It's not that all the values become nan, it's that (1) you're only looking at the parts that do, and (2) min and max don't work well with nans. For example, if we make an array resembling yours: >>> myarray = np.zeros((64, 52)) >>> myarray[3:-3,3:-3] = np.random.uniform(0, 5000, (64-6,52-6)) >>>...

Well, I would distinguish between the cases of NA/NaN/Infinity and the rest. I would certainly not convert them to zero as this would distort the result significantly while at the same time, not having any real mathematical sense. If a value is NA, then it is not, as the name...

A slight error in how you are accessing the arrays. you'll need parseInt(beaconCoordinates[0][0]); rather then parseInt(beaconCoordinates[0,0]);...

Approach 1: Using bsxfun+abs+min Code %// Input factor = [2, 3, 4, 5, 6, NaN, NaN, NaN, 3, 3, 4, 5, NaN, 6] %// Indices of NaNs t1 = find(isnan(factor)); %// Indices of non-NaNs t2 = find(~isnan(factor)); %// Get index for each NaN index that is closest, with a tie-case...

When hangul.charAt(…) is not contained in your syllable map, the property access will yield undefined. Adding two undefineds together will make a NaN. You can prevent that from showing up by using the empty string as a default value for the lookup: function hangul_to_roman(hangul) { return (syllable_1[hangul.charAt(0)] || "") +...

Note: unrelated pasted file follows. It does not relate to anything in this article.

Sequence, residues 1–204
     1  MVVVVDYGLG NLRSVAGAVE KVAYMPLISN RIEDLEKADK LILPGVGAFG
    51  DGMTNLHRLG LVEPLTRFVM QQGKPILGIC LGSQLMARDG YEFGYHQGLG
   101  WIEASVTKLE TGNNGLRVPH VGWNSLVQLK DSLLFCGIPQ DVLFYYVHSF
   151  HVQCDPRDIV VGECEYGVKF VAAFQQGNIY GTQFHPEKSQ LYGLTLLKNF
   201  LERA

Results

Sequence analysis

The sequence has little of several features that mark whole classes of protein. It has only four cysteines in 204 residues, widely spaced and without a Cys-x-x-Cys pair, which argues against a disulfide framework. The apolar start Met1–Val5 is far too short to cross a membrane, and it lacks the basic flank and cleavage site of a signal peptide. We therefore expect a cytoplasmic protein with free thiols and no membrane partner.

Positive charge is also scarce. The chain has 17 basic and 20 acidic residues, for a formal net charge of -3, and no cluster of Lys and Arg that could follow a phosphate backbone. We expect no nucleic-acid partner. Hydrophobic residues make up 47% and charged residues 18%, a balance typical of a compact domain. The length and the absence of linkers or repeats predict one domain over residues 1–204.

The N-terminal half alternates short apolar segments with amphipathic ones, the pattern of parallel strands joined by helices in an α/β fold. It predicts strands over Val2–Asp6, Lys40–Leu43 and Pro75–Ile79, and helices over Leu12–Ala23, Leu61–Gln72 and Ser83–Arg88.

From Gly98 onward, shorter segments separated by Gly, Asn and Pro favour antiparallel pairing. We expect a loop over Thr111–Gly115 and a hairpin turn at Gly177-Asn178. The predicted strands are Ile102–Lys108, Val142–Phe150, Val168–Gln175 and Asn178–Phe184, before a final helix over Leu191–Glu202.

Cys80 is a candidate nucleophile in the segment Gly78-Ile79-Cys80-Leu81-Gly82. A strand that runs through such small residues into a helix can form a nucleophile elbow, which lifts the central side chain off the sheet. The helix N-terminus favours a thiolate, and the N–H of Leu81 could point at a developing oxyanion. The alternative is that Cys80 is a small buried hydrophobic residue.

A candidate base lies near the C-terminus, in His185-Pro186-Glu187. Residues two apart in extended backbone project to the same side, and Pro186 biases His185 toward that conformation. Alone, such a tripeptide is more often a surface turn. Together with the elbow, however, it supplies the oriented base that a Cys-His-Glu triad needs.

If you would like null-values instead of 'NaN' you could simply use: SELECT name, NULLIF(age, 'NaN') From "People" ...

You have grammatical mistake in word length, it shouldn't be lenth but length in both cases. return v.values - remove values If all you want is to sort then you can use only sort function of javascript var s = list.sort(); All code complete: function getMiddle(list) { var s...

c#,matlab,octave,nan,ilnumerics

Just use x[isnan(x)] = 0; This is directly equivalent to Matlabs syntax. Your first attempt suggests that you want to seperate non-NaN values from NaNs? If so, please clarify. ...

You can use multiple boolean conditions to test if the current value and previous value are NaN: In [3]: df = pd.DataFrame({'a':[1,3,np.NaN, np.NaN, 4, np.NaN, 6,7,8]}) df Out[3]: a 0 1 1 3 2 NaN 3 NaN 4 4 5 NaN 6 6 7 7 8 8 In [6]: df[(df.a.isnull())...

Check for uninitialized variables. Quite often, if your program works as per expectations and then fails the next time you try running it again for the same workflow, the cause is uninitialized variables. Of course, there are many other things that can cause this, but uninitialized variables are a very...

Read the json file into a variable: x = '''[{"city": "Los Angeles","job":"chef","age":30}, {"city": "New York","job":"driver","age":35}, {"city": "San Jose","job":"pilot","age":NaN}]''' Now, load it with json.loads In [41]: import json In [42]: y = json.loads(x) In [43]: y Out[43]: [{u'age': 30, u'city': u'Los Angeles', u'job': u'chef'}, {u'age': 35, u'city': u'New York', u'job': u'driver'},...

javascript,internet-explorer-8,nan

It's hard to test your code, since you did not say which variable goes to the "output" (the output would be the location in your code that displays NaN) But did a test with the variables and realized that the problem is with your XMLHttpRequest. XMLHttpRequest with 'POST' return headers...